“A hasty replacement of the CEO would only increase the risk of a break-up and therefore can’t be in the interest of long-term oriented investors such as Union Investment,” said Werning.

According to a report published in Fortune, Baumann has nine months to prove he shouldn’t be kicked out over the Monsanto acquisition.

“The scale of the litigation risks won’t become clearer before next year, that’s why we think it’s fair and necessary to grant top management more time,” Werning said.



French regulator warns of serious complications due to use of ibuprofen, ketoprofen
 

France’s National Agency for the Safety of Medicines and Health Products (ANSM) has published a warning about the use of non-steroidal anti-inflammatory drugs (NSAIDs) in patients suffering from infectious diseases. The agency has studied nearly 20 years of real-world safety data on the use of two NSAIDs — ibuprofen and ketoprofen.

The two NSAIDs are used to treat fever and mild-to-moderate pain. Often patients and healthcare professionals also consider it for the management of symptoms caused by infections. The use of NSAIDs is associated with complications, such as severe bacterial skin conditions that can occur when the painkillers are given to people suffering from chickenpox. ANSM assessed these risks by reviewing adverse event reports dating back to 2000.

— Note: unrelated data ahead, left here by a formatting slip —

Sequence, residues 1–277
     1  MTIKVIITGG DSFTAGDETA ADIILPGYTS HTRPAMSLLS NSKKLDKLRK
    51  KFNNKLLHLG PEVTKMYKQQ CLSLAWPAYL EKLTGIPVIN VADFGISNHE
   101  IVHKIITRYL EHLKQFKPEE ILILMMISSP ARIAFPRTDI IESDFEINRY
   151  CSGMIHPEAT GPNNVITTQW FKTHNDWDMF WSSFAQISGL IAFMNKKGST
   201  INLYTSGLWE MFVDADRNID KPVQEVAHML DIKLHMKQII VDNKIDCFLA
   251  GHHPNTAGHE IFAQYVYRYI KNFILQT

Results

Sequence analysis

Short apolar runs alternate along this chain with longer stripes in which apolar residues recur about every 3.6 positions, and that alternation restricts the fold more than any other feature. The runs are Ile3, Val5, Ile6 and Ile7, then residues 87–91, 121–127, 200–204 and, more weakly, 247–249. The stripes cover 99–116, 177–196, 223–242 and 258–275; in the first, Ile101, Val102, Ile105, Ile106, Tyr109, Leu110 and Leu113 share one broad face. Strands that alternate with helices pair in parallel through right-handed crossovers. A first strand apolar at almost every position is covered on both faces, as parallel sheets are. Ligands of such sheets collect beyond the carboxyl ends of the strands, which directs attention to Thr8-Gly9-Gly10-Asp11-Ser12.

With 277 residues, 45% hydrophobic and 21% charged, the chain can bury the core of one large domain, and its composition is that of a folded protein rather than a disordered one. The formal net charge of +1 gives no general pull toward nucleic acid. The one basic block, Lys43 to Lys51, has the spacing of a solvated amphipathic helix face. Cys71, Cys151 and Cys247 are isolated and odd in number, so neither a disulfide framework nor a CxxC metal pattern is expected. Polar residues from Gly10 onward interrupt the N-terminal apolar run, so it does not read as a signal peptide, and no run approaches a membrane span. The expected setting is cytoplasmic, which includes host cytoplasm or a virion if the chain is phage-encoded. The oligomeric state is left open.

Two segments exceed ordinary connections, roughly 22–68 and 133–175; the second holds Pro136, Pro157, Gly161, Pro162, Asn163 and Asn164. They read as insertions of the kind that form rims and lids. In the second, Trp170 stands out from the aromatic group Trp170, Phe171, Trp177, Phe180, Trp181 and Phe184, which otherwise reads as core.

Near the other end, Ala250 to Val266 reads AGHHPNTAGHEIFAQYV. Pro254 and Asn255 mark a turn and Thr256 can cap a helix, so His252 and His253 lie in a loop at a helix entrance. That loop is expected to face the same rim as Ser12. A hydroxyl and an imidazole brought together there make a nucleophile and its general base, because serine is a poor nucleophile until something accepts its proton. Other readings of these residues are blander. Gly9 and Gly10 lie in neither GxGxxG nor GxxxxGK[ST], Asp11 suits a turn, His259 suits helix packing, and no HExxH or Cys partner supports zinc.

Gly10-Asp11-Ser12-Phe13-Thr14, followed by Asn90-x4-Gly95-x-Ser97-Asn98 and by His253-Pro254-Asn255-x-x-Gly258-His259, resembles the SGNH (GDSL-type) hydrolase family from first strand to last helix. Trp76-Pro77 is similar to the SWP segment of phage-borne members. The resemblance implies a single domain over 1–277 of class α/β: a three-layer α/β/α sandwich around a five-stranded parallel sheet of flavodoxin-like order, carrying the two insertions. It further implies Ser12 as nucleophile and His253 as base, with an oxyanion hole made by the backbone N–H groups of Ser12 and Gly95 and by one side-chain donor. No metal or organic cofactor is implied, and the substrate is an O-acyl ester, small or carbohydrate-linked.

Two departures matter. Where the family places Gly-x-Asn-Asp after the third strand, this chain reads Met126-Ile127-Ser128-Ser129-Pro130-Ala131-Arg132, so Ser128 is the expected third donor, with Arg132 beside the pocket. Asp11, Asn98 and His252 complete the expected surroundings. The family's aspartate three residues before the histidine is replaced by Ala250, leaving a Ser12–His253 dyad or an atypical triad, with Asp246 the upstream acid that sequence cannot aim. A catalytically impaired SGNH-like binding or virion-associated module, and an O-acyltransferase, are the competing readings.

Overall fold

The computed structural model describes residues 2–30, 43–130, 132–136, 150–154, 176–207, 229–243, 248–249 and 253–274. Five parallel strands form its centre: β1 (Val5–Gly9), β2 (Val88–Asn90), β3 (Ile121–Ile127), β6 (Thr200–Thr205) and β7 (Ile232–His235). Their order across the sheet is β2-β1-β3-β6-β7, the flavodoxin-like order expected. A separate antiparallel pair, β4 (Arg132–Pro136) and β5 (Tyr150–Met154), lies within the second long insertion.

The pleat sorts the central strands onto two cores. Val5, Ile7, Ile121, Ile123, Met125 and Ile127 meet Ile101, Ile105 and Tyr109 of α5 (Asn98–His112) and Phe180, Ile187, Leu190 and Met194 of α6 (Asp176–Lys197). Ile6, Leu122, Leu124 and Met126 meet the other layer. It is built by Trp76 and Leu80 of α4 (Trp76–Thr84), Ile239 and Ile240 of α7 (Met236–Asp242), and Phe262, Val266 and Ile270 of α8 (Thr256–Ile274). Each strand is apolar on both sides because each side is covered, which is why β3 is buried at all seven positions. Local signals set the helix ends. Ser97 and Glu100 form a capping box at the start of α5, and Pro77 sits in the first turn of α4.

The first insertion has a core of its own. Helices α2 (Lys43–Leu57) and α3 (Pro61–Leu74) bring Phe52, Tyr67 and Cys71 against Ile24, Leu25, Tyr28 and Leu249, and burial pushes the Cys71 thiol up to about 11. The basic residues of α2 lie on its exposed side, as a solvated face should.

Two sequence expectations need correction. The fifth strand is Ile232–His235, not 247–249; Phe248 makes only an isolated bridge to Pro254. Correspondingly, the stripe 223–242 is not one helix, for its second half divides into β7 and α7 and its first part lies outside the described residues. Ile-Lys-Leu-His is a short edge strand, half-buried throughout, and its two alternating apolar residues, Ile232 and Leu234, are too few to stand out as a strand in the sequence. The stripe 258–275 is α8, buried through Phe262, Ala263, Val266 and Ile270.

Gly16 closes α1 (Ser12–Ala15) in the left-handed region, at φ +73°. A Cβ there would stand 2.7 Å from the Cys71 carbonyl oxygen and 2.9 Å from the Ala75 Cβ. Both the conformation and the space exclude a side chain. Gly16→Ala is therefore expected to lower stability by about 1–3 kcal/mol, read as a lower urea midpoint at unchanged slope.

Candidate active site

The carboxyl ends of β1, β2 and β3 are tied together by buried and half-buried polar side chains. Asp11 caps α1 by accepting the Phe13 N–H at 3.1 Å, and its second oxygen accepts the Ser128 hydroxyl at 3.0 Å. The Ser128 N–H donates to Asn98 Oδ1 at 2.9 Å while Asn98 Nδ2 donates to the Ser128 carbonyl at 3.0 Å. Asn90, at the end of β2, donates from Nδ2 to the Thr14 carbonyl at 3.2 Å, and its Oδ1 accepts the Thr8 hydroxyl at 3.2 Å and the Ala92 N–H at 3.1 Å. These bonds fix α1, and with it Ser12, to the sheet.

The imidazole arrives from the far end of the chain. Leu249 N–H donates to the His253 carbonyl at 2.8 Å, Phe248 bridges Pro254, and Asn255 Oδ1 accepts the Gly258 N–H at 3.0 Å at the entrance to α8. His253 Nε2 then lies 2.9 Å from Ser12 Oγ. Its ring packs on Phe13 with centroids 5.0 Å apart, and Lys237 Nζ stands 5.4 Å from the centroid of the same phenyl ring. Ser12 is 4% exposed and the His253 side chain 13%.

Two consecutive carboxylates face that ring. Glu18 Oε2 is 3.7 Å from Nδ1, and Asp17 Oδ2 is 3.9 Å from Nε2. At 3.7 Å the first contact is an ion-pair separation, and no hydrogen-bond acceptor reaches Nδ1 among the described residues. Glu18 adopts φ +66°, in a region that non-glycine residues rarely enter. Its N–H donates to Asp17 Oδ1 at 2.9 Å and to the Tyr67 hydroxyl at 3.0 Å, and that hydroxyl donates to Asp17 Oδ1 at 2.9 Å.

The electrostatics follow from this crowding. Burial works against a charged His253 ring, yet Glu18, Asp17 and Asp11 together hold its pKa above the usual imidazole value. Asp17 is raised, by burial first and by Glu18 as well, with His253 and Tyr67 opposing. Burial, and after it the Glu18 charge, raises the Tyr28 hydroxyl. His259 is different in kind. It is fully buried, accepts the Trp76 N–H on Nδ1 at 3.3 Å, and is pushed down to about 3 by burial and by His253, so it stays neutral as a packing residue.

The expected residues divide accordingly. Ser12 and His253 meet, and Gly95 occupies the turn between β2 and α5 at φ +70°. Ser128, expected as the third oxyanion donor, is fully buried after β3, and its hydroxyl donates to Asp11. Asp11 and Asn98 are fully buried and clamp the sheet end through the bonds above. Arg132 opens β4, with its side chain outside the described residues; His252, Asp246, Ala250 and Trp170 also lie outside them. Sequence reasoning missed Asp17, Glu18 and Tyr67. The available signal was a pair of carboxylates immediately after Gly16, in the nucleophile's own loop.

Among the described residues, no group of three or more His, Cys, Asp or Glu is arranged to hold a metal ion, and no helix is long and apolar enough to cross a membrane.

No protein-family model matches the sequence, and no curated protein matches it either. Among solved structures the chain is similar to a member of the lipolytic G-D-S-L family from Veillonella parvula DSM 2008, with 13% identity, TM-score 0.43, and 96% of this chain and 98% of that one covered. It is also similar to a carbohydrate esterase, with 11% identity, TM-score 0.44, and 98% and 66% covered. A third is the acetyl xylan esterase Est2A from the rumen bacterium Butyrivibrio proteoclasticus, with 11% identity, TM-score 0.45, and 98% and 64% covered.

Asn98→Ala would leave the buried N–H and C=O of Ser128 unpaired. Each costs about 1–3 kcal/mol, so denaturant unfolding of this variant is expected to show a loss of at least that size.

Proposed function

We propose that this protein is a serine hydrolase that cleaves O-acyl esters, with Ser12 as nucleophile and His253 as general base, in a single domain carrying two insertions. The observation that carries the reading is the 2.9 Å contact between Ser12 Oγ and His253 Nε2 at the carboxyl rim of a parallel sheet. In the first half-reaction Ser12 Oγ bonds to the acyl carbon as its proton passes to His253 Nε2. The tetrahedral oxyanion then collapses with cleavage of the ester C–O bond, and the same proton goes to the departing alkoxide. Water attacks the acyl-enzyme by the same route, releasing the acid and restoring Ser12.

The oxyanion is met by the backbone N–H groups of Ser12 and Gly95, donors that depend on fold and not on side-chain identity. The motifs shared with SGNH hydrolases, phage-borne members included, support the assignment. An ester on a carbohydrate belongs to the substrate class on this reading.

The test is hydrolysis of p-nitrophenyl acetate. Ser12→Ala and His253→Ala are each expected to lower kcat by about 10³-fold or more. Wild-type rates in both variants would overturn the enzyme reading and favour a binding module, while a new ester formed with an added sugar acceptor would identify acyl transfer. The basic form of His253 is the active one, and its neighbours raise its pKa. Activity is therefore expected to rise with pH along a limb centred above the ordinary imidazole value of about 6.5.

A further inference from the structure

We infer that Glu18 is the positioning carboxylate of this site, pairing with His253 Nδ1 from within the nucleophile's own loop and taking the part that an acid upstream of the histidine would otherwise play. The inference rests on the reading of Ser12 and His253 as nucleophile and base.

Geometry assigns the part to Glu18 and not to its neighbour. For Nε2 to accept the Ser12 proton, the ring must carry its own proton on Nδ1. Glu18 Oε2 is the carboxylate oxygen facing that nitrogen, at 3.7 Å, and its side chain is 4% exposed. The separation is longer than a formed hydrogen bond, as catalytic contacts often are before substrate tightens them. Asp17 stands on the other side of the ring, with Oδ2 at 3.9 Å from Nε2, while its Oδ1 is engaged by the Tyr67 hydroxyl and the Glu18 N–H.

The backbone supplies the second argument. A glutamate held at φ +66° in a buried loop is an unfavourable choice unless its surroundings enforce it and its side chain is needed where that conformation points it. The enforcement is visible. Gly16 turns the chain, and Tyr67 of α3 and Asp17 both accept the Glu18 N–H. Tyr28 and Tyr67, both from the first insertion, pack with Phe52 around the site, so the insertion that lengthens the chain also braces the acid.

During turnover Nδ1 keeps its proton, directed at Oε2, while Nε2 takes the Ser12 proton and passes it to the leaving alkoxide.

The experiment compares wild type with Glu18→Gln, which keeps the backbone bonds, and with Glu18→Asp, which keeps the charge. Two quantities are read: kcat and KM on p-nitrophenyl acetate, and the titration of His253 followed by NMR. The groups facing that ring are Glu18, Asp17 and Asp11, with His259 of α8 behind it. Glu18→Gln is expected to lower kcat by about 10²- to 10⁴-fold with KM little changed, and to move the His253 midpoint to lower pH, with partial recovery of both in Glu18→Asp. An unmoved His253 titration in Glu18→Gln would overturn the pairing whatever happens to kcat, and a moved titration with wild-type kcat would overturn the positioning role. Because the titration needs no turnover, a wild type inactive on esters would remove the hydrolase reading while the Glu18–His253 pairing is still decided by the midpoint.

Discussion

ANSM selected 337 cases of infectious complications linked to ibuprofen and a further 49 cases tied to ketoprofen for analysis. The selected cases included reports of infections of the skin and soft tissue, blood, pleuropulmonary and neurological systems and other parts of the body. Some of the infections led to patient deaths.

The complications were mainly associated with streptococcus and occurred after two to three days of treatment with NSAIDs. The NSAIDs were given by healthcare professionals or self-administered by patients to treat conditions including fever, insect bites and other benign inflammatory skin lesions and respiratory conditions. ANSM also found that people with chickenpox continue to take NSAIDs, despite them being contraindicated.



EMA tells Lilly to withdraw cancer drug that was awarded accelerated approval
 

Eli Lilly announced it has withdrawn Lartruvo (olaratumab) from the market for the treatment of advanced soft tissue sarcoma (STS). The company is establishing an Access Program for patients currently receiving the drug who may wish to continue.